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Friday, June 06, 2008

Can Yoko sue "Expelled" under foreign copyright laws?



Famous last words (is he saying "I don't deserve to die" or "I could have kept myself out of this chair if I were a lawyer"?)

A coin-operated, do-it-yourself electric chair. "When a coin is inserted, and the switches are pulled, the condemned man twitches and jerks in the chair. Sparks fly and the odor of burning hair is emitted from the panel."

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As a result of the lifting of the temporary restraining order in the federal lawsuit against "Expelled," the way is now clear for the movie to open as scheduled in Canada on June 6. Some people are now asking if Yoko can sue the "Expelled" producers under copyright laws in foreign countries.

You will never see me say "I am not a lawyer," often abbreviated "IANAL." In fact, the expression "IANAL" is one of my pet peeves. Telling laypeople that they can't understand the law sends a message to young people that they shouldn't bother to get educations. When I don't know something about the law, I look it up, just like a lawyer would.

Wikipedia says about the Berne Convention,

The Berne Convention for the Protection of Literary and Artistic Works, usually known as the Berne Convention, is an international agreement about copyright . . .

Since almost all nations are members of the World Trade Organization, the Agreement on Trade-Related Aspects of Intellectual Property Rights requires non-members to accept almost all of the conditions of the Berne Convention.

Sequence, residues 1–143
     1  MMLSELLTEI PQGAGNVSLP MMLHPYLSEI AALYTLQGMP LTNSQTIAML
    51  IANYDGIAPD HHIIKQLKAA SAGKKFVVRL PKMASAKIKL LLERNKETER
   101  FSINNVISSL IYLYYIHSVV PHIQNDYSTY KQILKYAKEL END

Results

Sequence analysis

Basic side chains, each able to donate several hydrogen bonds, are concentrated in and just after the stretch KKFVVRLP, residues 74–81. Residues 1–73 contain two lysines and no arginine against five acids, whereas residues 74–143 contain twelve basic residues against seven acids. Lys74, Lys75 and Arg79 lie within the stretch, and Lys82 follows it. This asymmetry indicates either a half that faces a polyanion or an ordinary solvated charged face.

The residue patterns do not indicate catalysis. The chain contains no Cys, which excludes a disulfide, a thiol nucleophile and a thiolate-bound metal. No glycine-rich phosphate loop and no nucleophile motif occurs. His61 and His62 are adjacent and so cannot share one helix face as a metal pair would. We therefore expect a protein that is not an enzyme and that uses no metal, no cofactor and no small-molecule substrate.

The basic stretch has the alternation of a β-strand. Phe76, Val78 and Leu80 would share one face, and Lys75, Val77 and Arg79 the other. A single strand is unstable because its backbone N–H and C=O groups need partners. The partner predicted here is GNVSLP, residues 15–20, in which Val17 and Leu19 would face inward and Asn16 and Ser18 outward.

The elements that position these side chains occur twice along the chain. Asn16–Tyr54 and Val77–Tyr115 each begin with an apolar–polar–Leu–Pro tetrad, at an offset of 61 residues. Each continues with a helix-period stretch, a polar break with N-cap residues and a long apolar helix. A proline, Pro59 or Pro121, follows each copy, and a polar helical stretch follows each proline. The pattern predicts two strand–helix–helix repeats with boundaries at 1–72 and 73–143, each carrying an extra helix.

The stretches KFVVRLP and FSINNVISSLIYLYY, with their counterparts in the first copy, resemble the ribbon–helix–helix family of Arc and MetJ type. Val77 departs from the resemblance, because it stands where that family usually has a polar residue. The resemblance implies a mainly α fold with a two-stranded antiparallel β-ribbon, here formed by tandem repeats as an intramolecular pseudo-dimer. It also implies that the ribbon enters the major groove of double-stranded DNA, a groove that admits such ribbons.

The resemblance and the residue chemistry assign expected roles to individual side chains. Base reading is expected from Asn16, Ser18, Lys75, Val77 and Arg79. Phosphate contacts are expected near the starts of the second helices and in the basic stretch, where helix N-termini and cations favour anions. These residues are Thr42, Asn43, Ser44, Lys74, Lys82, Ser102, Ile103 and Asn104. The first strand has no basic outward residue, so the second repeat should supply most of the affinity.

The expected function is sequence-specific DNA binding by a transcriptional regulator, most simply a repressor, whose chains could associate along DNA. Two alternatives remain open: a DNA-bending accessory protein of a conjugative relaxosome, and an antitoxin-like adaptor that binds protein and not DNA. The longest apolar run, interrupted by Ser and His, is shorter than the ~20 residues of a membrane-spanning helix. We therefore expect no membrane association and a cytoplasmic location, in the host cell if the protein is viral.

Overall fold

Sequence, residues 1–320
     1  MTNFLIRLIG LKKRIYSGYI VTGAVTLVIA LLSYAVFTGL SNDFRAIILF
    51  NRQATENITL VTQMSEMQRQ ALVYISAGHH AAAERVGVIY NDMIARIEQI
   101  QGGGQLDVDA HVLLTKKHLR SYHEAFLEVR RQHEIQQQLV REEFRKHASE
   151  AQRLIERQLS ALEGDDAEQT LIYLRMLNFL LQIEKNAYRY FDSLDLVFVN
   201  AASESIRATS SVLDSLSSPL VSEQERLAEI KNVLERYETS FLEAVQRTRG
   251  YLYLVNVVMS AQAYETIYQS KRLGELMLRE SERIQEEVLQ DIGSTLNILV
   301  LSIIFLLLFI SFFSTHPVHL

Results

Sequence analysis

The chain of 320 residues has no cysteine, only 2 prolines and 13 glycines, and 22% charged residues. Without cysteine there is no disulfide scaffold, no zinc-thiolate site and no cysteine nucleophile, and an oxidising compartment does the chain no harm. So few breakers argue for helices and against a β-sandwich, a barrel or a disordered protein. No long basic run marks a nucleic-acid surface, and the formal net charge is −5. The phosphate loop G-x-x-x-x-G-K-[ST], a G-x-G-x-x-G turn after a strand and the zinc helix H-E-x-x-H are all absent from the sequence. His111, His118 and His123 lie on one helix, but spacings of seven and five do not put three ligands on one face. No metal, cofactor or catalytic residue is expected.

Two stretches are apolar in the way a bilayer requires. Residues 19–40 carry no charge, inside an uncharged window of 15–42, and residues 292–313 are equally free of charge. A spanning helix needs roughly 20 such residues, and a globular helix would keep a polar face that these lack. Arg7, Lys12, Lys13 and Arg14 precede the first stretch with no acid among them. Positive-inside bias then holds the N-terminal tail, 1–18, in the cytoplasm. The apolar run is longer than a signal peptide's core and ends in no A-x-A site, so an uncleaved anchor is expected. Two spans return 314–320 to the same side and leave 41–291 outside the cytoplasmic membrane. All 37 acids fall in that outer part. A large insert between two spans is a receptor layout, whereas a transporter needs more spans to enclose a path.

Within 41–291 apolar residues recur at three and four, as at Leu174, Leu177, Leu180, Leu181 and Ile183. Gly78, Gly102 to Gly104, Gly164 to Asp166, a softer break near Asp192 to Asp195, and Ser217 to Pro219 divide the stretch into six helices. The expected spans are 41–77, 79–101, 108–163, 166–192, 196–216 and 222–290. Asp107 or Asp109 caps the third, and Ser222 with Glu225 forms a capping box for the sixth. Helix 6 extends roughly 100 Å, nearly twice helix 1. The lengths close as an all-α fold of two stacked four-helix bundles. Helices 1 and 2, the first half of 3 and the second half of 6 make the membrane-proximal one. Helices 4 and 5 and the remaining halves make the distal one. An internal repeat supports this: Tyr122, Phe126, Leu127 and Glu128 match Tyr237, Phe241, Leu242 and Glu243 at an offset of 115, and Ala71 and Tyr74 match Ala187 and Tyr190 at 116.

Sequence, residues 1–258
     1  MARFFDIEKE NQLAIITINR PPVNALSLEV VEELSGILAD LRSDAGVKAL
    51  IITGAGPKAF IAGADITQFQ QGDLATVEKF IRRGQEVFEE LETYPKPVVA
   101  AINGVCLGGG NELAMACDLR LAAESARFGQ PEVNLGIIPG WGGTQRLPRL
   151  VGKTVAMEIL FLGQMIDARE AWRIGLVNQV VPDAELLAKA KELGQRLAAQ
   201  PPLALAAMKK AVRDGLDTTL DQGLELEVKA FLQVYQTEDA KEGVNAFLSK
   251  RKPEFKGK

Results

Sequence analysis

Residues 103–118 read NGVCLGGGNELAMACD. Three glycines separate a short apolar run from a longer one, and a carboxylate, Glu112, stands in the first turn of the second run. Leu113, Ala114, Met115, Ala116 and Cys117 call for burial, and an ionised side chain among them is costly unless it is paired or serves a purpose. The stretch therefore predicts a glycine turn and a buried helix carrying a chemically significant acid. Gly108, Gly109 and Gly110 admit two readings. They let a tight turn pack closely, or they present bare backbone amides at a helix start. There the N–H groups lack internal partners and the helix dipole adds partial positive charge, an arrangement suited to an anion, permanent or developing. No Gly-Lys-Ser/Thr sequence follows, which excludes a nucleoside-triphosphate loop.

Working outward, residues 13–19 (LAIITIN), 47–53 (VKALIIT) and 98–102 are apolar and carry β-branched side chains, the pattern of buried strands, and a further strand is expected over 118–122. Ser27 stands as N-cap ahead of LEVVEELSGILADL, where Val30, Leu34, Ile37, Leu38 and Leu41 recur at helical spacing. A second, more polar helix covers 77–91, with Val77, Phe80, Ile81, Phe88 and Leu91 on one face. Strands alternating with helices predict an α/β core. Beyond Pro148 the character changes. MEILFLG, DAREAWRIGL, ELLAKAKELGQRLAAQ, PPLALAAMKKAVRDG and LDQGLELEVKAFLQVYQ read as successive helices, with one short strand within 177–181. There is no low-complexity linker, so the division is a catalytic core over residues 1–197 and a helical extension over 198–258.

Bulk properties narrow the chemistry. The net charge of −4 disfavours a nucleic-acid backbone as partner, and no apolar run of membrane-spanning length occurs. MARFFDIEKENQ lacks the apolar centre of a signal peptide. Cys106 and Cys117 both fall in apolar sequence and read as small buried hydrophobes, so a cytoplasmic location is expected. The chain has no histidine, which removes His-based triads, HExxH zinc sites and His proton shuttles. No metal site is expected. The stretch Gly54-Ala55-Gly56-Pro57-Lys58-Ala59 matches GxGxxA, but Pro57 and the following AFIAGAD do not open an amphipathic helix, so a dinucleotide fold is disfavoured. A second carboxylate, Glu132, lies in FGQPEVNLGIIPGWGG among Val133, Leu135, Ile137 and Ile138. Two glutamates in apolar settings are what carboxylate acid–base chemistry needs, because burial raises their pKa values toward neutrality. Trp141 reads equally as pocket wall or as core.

As of April 2008, there are 163 countries that are parties to the Berne Convention

The Berne Convention requires its signatories to recognise the copyright of works of authors from other signatory countries (known as members of the Berne Union) in the same way it recognises the copyright of its own nationals, which means that, for instance, French copyright law applies to anything published or performed in France, regardless of where it was originally created.

The USA became a member of the Berne Union in 1989.

One of the questions that arises is: if "Expelled" is shown or sold in a foreign country, does that country's copyright law apply just to the movie itself or does it also apply to copyrighted works contained in the movie?

I investigated further by looking at the provisions of the Berne Convention.